Clematis pests and diseases
Clematises insect pests include aphids, vine weevils, slugs/snails, scale insects, spider mites, and earwigs.
The most serious disease for Clematis plants is commonly called clematis wilt. It is a stem rot/leaf spot disease caused by a fungus. It mainly affects large-flowered Clematis hybrids. This plant is also susceptible to powdery mildew, rust and viruses.
We are growing Clematis for their flowers, so it makes sense to choose one that appeals to you most and works well with your interior decoration as well as the rest of your garden. Here is a list of the most recommended Celamtis varieties that will absolutely suit any location.
Montana Clematis, named also the mountain clematis, Himalayan clematis or anemone clematis, is a flowering plant in the buttercup family Ranunculaceae. This climbing Clematis is native to central China and the Himalayas and it is among the best known thanks to its small pink flowers that bloom in spring and cover the wall with attractive showy flowers. In some varieties, the flowers give off a more or less pronounced vanilla scent. Then, In autumn and winter, its feathery fruiting brings a touch of fantasy to the garden.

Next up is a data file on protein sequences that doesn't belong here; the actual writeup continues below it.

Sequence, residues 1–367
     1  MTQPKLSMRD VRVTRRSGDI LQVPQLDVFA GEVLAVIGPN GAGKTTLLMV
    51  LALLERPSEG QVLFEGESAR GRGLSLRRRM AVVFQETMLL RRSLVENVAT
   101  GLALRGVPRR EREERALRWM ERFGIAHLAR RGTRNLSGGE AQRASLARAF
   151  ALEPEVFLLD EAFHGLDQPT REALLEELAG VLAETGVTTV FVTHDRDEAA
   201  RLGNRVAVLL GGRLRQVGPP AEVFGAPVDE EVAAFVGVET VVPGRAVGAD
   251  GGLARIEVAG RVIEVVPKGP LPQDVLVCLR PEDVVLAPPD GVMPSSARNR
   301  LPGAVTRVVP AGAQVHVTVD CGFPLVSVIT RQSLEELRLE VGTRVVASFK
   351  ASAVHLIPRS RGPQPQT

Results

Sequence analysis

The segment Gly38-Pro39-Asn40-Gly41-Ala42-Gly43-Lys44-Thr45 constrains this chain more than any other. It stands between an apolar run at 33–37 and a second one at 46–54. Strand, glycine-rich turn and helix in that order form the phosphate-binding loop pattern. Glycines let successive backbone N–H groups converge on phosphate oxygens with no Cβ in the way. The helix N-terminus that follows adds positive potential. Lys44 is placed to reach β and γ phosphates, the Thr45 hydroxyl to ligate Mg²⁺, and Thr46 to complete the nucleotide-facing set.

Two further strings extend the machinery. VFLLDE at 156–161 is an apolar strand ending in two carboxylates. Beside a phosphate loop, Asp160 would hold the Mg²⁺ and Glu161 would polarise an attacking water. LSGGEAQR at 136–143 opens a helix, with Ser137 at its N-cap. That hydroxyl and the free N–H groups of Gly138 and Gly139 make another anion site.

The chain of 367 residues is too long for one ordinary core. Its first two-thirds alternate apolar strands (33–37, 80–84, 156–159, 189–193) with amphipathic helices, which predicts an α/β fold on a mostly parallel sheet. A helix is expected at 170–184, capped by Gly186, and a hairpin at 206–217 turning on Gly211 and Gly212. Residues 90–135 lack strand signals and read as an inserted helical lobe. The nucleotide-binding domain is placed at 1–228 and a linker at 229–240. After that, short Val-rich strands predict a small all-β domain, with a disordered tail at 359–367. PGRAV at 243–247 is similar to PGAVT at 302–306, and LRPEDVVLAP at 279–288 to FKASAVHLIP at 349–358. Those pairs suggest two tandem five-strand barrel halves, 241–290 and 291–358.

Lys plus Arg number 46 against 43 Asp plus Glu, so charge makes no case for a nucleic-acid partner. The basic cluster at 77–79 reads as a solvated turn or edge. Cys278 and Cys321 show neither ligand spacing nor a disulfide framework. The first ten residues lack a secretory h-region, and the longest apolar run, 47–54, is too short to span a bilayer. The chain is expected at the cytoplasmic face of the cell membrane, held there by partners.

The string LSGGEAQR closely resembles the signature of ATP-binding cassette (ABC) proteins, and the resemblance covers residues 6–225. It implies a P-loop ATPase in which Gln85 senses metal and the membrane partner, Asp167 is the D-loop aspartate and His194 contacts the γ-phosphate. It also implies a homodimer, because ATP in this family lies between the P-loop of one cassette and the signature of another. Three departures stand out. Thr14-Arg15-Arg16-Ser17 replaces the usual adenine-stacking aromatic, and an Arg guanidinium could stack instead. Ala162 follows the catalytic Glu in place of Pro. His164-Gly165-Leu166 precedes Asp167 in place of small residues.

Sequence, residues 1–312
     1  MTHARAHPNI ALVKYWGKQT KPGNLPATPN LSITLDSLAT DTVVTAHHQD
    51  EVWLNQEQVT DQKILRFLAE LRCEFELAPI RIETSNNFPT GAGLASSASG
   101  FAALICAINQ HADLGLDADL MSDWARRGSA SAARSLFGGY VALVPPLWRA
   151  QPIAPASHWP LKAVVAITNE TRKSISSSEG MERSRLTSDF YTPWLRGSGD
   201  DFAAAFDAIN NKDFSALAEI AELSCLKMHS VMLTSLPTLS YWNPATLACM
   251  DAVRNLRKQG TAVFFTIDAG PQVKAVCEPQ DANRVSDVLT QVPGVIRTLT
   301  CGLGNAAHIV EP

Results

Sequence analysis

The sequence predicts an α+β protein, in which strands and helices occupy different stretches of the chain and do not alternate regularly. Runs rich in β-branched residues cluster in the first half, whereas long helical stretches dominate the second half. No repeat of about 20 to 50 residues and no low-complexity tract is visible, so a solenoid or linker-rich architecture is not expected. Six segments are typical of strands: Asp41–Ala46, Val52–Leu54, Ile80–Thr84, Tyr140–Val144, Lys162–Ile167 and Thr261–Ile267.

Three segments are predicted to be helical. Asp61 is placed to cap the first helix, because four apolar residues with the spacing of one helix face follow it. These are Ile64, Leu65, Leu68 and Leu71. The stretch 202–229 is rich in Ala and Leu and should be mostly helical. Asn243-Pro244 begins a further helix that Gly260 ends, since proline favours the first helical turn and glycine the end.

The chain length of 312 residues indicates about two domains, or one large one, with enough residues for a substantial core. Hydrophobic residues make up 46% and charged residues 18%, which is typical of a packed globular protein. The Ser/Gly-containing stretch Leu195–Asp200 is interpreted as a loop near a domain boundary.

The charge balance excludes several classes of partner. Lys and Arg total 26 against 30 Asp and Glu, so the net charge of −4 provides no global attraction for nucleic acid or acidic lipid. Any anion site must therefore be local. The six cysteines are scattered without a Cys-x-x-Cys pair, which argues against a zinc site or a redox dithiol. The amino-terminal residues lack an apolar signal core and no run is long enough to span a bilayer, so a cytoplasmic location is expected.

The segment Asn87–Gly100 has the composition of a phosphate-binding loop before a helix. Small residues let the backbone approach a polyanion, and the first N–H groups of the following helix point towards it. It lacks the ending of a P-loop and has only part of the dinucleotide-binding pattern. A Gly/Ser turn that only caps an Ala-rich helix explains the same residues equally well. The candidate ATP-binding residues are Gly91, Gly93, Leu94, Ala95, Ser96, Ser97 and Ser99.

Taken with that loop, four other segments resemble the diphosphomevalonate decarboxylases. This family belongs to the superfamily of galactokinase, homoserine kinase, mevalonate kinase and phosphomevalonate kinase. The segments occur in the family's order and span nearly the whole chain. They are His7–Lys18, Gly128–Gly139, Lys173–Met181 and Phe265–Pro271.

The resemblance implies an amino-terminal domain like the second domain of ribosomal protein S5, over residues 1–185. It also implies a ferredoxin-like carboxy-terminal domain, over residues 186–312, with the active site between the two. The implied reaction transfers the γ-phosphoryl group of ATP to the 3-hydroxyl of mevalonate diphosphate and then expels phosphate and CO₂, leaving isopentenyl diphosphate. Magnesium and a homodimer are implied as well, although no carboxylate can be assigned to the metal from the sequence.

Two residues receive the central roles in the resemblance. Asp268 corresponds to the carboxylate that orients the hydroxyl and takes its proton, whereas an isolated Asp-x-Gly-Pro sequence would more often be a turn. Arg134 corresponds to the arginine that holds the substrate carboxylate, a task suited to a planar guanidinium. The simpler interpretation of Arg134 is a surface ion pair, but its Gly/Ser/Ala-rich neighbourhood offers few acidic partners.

Clematis alpina, or the Alpine Clematis, is a flowering deciduous Clematis vine native to Switzerland. These Clematises species have finely cut leaves and small blue bell-shaped flowers that bloom from March to June. There are also many cultivars with white, pinkish, pink, blue and white Clematis flowers, or with double corollas.
Clematis macropetala, known commonly as Downy Clematis is a deciduous Clematis climber with attractive, toothed leaves divided into leaflets with sharply serrated edges. Bell-shaped, pale purple-blue flowers Bloom in spring with some blooms in late summer then followed by very ornamental, silvery seedheads. This purple Clematis grows well in fertile, medium moisture and well-drained soil in full sun to part shade.
Clematis armandii is a woody perennial in the Ranunculaceae family. These climbing clematises are suitable for any location thanks to their tendrils that cling everywhere. Moreover, this species has lanceolate, large leaves and small white flowers that give off a scent that can be smelled several meters away. This plant also forms very beautiful associations with roses. Furthermore, This Clematis on fence can add a wonderful touch to your decorations.
Clematis cirrhosa is a species of flowering plant in the family Ranunculaceae, native to the Mediterranean. It is a beautiful climber clematises that blooms in winter. This early flowering can begin in November and last until March depending on the variety. The bell-shaped flowers offer a pretty palette of hues ranging from pure white to burgundy. Some varieties give off a sweet scent, they will be ideally planted near an entrance or at the foot of a window to take advantage of their scent.